Orphan Drugs: Using Diagnostics In Development
Biopharmaceutical companies developing orphan drugs for rare diseases, are working with diagnostic companies or diagnostic areas within their companies, to establish companion diagnostics and biomarkers. The purpose for developing diagnostics and biomarkers is to help identify patients who have a gene or genes specific to an orphan drug in development and who are likely to benefit from treatment with the drug. It is a method of establishing patient groups in which an orphan drug will be effective – personalized medicine. This will aid in the selection of patients for clinical trials. Companion diagnostics for the identification of the biomarker(s) can be approved simultaneously as part of a drug approval by the FDA.
Inclusion Of Diagnostics With Orphan Drug Approval
Including the diagnostic test with an orphan drug is very useful for maintaining the drug’s share of the market in the face of competition. For example, Pfizer’s Xalkori (Crizotinib) is developed in parallel with a companion diagnostic to identify the presence of the ALK fusion gene in a subset of non-small cell lung cancer (NSCLC) patients. The Vysis ALK Break Apart FISH Test receives FDA approval at the same time that Xalkori receives FDA approval in August 2011.
Pfizer announces April 21st, that the FDA grants the Breakthrough Therapy Designation (BTD) to Xalkori (Crizotinib). The BTD is for ROS1-positive (ROS1+) Non-Small Cell Lung Cancer (NSCLC). ROS1+ NSCLC is a subgroup of NSCLC, occurring in about 1% of NSCLC cases.
Companies developing orphan drugs are also establishing biomarkers and developing the companion diagnostic test so that it can help in selecting patients for clinical trials. Biopharmaceutical companies should investigate the use of biomarkers to identify new orphan indications as part of the Orphan Drug Company Life Cycle Management Strategy.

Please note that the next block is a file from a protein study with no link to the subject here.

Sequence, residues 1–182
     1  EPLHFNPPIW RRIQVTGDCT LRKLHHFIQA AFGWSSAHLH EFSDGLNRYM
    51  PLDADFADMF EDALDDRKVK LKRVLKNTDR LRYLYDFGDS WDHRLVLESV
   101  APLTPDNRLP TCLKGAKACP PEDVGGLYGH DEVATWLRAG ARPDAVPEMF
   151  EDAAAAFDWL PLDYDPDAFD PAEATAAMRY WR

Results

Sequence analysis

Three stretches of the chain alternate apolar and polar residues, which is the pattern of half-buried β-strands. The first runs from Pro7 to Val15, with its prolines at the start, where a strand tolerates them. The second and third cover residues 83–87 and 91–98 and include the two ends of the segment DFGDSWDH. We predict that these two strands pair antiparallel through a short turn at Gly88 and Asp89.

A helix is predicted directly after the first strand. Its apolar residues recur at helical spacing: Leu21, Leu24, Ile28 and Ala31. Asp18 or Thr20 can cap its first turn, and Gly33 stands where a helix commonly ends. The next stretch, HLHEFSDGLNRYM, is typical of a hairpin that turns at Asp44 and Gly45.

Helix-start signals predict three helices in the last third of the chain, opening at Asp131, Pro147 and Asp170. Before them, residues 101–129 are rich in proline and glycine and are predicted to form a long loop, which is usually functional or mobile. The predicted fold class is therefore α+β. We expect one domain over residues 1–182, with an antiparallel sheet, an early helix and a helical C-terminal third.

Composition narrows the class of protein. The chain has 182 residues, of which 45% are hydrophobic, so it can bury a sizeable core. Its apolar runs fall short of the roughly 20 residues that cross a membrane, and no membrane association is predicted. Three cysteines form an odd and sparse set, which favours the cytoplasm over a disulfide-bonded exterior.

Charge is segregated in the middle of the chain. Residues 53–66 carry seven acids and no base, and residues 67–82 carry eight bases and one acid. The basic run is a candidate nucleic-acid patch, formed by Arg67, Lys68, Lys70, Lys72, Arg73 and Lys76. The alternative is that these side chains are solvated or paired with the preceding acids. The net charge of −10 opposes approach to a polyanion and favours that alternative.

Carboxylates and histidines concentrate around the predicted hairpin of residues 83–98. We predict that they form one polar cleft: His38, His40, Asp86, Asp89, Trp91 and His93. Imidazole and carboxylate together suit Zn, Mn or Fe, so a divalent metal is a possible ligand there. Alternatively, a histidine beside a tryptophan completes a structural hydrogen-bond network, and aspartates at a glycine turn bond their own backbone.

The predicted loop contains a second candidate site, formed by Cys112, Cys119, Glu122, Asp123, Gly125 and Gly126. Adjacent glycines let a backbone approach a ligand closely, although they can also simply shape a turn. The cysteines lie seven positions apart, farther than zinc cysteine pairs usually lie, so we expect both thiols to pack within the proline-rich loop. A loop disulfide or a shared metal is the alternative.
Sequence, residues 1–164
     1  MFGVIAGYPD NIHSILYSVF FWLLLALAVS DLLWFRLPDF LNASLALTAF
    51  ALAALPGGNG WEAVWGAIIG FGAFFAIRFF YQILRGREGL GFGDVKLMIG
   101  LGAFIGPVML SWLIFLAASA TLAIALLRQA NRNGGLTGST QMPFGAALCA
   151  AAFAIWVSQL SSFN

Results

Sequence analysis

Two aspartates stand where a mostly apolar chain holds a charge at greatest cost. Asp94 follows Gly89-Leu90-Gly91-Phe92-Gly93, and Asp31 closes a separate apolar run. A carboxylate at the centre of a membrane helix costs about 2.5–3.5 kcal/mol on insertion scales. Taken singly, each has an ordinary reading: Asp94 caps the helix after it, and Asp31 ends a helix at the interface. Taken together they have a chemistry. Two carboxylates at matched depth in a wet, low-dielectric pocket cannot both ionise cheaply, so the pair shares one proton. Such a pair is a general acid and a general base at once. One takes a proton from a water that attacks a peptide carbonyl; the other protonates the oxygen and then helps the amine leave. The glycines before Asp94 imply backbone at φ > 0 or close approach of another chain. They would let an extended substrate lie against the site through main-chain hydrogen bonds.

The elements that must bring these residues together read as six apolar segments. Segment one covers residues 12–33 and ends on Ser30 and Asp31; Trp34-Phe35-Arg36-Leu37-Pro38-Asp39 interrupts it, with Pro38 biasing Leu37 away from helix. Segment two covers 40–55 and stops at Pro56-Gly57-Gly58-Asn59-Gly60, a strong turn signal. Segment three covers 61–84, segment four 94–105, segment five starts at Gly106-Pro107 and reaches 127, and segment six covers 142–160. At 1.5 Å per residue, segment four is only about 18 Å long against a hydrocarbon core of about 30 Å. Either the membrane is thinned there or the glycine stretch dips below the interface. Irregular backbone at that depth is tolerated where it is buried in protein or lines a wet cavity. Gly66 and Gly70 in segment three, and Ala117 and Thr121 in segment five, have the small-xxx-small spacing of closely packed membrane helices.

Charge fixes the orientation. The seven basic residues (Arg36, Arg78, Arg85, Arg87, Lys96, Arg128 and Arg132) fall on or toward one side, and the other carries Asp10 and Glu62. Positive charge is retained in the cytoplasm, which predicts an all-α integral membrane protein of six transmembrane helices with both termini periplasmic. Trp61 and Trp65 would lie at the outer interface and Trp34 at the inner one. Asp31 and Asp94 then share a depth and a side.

GlaxoSmithKline (GSK) receives FDA approval in May 2013, for two orphan drugs as single agents for the treatment of patients with unresectable or metastatic melanoma :
Tafinlar, a BRAF inhibitor, is approved for melanoma whose tumors express the BRAF V600E gene mutation. Mekinist, a MEK inhibitor, is approved for melanoma whose tumors express the BRAF V600E or V600K gene mutations. Both drugs are approved with a companion genetic test, ThxID BRAF test, made by France’s bioMérieux, which will help determine if a patient’s melanoma cells have the V600E or V600K mutation in the BRAF gene. Then, in January 2014, Mekinist in combination with Tafinlar receives FDA approval for unresectable/metastatic melanoma with BRAF V600E or V600K gene mutation as detected by an FDA-approved test.
About 50% of melanomas arising in the skin have a BRAF gene mutation.
Another example of the approval of an orphan drug for melanoma with a companion diagnostic is Genentech’s Zelboraf (Vemurafenib), which receives FDA approval in August 2011 for unresectable/metastatic melanoma with the BRAF V600E mutation, as detected by an FDA-approved test. The FDA approves at the same time as Zelboraf, the Cobas 4800 BRAF V600 Mutation Test, a diagnostic test developed by Roche to identify patients eligible for treatment